• -----> Infringing importer can agree to remove offending mark or the marks owner may waive the right to object
  • -----> Occurs when Bureau of Customs & Border Protection (BCBP) is tipped off.


Trademark Search


Notice:

  • ™ or SM
  • - May be used to notify ownership claim, no registration needed
  • ®
  • - Must be registered through USPTO
  • - After filing, failure to use Registered mark may limit judiciary consequence
  • Certification marks
  • - Certify regional, material, mode of manufacturer, quality, accuracy
  • -----> California Certified Organic Farmers (CCOF), GOTS certification
  • Collective Marks
  • - Symbol, word or phrase, label used by a group or organization
  • -----> RDIA, RDA, BBB, Boy Scouts, Girl Scouts, APA, Sororities/Fraternities


Top Level Domain (TLD)

.aero (air transport industry)

.asia (Asia-Pacific Region)

.biz (restricted to business)

.cat (users of Catalan language & culture)

.com (commercial enterprises)

.coop (restricted to business cooperatives)

.edu (educational industries)

.gov (restricted to government agencies)

.info (information providers

.int (restricted to organizations endorsed by treaties between nations)

.jobs (employment related sites)

.mil (restricted to military)

.mobi (devices using mobile internet)

.museum (restricted to museums & museum employees)

.name (restricted to individuals)

.net (network related entities)

.org (NPOs)

.pro (restricted to licensed professionals)

.tel (internet communication services

.travel (travel industry)

.xxx (pornography)



Stim, Richard. Patent, Copyright & Trademark: [an Intellectual Property Desk Reference]. 12th ed. Berkeley: Nolo, 2012. 379-502. Print.



Trade Secret

  • Customer lists, sensitive marketing info, unpatented inventions, software, formulas & recipes, techniques, processes, and other business info that provides a company with a business edge
  • Not known outside particular business entity
  • Known only by employees & others involved in the business
  • Subject to reasonable measures to guard the secrecy of info
  • Valuable, and
  • Difficult for others to properly acquire or independently duplicate


www.ndasforfree.com


  • Patterns & designs may qualify if they create a competitive advantage and are kept secret
  • - Zorb ™ & Zorb II ™ 
  • Reverse Engineering renders “trade secret” public domain in terms of secrecy. May still be protected under patent laws.


Stim, Richard. Patent, Copyright & Trademark: [an Intellectual Property Desk Reference]. 12th ed. Berkeley: Nolo, 2012. 523-568. Print. 

Patents: The Basics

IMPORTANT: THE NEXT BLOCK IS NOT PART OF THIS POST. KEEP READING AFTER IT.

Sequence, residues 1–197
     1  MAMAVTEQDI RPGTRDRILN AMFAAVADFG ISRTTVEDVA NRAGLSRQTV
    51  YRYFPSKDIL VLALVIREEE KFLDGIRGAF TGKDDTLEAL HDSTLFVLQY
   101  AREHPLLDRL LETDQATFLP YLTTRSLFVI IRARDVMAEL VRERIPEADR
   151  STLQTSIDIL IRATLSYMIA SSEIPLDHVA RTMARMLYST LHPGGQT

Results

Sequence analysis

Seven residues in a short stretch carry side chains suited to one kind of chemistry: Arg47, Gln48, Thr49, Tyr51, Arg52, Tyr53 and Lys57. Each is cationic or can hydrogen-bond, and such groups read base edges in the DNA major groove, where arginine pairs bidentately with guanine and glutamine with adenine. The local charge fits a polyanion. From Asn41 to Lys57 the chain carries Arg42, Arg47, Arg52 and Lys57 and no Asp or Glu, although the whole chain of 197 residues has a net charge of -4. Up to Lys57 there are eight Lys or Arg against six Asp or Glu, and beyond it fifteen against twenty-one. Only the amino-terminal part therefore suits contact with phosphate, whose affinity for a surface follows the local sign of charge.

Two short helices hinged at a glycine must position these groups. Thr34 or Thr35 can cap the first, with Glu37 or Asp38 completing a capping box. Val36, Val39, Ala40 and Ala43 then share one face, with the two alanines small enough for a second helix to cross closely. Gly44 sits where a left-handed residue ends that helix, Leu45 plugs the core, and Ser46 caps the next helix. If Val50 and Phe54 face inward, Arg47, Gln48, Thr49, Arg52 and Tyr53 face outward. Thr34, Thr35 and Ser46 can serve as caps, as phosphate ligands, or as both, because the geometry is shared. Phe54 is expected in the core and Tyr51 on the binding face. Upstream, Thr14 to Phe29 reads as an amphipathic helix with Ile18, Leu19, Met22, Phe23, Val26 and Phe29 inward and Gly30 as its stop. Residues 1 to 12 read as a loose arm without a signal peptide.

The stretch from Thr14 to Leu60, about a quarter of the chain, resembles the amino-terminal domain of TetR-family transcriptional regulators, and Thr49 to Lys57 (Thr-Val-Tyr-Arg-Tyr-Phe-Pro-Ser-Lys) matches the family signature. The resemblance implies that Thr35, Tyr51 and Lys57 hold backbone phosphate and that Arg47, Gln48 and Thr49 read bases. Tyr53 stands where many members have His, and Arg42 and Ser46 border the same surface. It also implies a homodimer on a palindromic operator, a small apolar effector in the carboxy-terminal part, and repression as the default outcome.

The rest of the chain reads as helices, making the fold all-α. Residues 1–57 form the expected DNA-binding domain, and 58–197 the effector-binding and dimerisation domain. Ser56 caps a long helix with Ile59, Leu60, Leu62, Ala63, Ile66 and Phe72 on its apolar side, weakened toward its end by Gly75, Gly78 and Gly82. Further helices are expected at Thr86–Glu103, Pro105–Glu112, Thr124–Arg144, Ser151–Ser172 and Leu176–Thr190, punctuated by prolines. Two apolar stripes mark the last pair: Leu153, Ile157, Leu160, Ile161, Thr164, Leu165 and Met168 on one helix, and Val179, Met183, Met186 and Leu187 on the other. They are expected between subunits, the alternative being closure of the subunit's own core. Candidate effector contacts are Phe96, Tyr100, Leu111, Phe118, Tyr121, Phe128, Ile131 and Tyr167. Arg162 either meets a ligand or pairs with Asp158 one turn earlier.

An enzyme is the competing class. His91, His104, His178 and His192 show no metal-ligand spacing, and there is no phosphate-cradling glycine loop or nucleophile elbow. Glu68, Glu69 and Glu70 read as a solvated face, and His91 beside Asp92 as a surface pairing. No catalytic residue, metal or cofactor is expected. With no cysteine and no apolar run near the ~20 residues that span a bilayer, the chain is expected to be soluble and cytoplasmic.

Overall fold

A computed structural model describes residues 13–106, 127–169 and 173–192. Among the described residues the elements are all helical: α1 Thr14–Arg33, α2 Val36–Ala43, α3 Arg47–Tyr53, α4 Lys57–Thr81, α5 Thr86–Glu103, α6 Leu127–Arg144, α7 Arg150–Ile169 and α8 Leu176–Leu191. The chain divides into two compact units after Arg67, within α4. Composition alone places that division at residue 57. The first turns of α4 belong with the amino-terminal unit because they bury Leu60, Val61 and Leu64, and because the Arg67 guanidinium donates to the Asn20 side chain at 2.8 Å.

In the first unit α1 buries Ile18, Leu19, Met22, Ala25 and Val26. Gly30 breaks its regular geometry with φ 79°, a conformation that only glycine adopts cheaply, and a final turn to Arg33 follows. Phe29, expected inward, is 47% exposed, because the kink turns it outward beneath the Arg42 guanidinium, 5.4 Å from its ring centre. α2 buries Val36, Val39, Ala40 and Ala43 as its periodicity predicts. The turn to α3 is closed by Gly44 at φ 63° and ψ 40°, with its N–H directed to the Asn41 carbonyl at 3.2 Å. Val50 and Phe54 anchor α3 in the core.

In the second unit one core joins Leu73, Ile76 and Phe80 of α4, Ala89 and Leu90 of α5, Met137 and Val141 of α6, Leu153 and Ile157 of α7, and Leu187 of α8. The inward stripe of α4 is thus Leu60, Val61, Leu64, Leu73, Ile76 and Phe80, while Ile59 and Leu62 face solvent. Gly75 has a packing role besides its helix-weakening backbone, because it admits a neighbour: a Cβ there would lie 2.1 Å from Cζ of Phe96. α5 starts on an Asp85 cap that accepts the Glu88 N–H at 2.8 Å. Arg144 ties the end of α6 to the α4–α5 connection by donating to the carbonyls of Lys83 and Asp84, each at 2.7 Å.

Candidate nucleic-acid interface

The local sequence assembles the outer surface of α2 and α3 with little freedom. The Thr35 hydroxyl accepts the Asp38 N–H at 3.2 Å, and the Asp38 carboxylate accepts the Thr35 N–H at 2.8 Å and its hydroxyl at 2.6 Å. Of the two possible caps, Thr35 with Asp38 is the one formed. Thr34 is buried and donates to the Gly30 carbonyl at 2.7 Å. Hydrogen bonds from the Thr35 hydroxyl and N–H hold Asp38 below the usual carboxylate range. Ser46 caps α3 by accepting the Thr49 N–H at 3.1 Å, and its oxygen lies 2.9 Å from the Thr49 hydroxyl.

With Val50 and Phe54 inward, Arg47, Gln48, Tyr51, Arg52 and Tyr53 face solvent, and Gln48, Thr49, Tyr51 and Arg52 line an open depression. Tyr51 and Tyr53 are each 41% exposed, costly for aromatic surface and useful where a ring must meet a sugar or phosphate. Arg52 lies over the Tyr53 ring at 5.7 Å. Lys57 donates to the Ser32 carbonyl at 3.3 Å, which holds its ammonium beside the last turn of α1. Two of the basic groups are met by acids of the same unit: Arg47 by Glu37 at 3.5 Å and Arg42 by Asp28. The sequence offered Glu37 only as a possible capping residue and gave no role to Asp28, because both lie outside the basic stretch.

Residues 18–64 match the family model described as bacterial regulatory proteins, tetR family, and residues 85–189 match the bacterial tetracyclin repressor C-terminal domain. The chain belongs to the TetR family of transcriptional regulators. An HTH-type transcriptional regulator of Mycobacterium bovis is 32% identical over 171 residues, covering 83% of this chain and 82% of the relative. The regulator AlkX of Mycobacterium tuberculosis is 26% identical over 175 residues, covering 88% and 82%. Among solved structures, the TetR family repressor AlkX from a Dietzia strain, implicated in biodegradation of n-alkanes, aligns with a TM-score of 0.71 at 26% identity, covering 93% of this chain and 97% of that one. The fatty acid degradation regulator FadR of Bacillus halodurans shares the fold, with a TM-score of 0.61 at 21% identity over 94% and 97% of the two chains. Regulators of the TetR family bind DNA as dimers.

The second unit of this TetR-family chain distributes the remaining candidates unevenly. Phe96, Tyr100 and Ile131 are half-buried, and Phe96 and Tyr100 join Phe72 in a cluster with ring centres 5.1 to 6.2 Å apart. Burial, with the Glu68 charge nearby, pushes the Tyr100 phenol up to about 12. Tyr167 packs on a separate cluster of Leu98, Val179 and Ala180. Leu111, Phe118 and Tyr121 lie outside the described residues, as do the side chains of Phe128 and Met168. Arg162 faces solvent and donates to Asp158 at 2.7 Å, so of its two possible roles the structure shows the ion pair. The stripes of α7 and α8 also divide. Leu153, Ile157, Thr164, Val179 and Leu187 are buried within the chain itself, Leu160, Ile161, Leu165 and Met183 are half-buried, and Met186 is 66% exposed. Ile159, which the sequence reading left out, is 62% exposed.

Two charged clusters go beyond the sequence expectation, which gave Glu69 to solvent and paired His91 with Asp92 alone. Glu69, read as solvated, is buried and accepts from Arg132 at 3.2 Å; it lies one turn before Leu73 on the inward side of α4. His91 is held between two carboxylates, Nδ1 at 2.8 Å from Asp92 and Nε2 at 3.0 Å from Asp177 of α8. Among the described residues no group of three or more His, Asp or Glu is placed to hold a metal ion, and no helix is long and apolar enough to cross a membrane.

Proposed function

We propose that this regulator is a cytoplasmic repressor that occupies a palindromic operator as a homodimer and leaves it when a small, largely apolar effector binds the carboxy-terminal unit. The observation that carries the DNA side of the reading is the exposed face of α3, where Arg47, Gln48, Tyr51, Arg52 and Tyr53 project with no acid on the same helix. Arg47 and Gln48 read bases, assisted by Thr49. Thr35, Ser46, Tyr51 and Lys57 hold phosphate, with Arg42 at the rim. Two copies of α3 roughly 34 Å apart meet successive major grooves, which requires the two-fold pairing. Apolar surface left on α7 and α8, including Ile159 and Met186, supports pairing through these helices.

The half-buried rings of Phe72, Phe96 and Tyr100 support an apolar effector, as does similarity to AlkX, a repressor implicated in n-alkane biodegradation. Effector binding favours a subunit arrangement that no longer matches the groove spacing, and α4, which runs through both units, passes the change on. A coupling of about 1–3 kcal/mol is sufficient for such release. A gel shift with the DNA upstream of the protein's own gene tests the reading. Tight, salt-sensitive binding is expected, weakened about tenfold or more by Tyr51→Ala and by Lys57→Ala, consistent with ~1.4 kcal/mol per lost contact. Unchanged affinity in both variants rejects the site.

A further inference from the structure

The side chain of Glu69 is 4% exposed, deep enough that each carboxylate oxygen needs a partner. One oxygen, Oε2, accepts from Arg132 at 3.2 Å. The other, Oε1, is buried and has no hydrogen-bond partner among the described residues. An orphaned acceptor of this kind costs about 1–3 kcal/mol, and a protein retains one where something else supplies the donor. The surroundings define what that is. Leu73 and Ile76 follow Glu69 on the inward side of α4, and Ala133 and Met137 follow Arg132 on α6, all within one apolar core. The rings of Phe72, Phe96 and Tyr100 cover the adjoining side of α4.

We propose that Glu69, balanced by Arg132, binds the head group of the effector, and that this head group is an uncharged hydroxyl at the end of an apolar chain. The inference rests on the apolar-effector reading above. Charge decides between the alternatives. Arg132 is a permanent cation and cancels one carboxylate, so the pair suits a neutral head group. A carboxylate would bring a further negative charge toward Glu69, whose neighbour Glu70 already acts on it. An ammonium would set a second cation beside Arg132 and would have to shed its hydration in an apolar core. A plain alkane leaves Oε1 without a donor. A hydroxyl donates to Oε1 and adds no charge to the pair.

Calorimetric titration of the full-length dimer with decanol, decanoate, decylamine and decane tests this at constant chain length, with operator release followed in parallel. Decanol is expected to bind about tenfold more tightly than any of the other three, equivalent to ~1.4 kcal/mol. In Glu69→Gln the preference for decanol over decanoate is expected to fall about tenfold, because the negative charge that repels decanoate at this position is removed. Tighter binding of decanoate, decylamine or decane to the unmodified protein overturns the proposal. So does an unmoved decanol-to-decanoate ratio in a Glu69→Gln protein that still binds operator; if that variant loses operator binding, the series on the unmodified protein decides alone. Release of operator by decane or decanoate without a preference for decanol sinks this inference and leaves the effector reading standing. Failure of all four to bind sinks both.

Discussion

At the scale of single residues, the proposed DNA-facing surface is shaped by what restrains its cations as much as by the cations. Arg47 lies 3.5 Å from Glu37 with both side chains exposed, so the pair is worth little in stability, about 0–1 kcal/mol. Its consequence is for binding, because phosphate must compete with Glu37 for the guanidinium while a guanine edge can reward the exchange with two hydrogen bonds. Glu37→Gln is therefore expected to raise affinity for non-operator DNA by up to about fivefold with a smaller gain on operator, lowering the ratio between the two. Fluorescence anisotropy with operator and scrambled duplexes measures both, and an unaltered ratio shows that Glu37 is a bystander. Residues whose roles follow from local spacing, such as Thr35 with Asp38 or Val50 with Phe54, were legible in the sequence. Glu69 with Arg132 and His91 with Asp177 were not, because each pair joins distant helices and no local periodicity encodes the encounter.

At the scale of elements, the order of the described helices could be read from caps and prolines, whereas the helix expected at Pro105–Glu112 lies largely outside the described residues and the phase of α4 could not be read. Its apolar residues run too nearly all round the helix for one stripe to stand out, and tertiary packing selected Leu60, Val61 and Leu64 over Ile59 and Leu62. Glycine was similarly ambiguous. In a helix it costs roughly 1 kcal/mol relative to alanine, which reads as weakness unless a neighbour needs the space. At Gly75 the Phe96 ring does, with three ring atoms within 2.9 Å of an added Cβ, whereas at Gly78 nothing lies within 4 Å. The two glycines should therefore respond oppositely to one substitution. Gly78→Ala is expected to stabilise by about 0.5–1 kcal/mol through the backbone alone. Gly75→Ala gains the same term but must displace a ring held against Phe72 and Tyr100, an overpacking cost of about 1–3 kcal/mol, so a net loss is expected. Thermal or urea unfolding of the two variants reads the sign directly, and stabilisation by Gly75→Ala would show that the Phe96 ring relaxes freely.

"Utility patents are granted to the inventor of a new, nonobvious invention." (Stim, Richard. "Introduction." Patent, Copyright & Trademark: [an Intellectual Property Desk Reference]. 12th ed. Berkeley: Nolo, 2012. 5. Print.)

Novel:

a new development in at least one or more of its constituent elements

Nonobvious:

  • Would someone who was skilled in the particular field as the invention consider the invention to be an unexpected or surprising development?
  • Can be based upon "common sense" ("If at first you don't succeed...")
  • Anticipation (said to be anticipated if too similar to an earlier invention):
  • - Prior publication: All basic elements must be contained in a single publication or invention.
  • - Existence of prior invention
  • - Placing invention "on sale" (even an offer of sale, not necessarily an actual sale)
  • - Public use or display of invention

Prior Art:

  • Any published writing publicly available
  • Any US Patent
  • Any relevant invention or development existing prior
  • Any public knowledge or commercial use, sale, or knowledge of invention
  • ALL patents, expired or current, US or Foreign, may be considered Prior Art (before March 2013)
  • Any patented or described in a printed publication in this or a foreign country or in public use or on sale in this country more than a year prior to date of application (before March 2013)
  • Disclosures made 1 year prior or less before effective filing date shall NOT be prior art IF disclosure was made by the inventor (after March 2013)
  • Anything sold prior to filing is prior art (after March 2013)
  • Filing a Provisional Patent Application (PPA) (after March 2013)

Applying:

  • Must disclose all known instances of anticipation
  • Must disclose pertinent prior art that might bear on the question of nonobviousness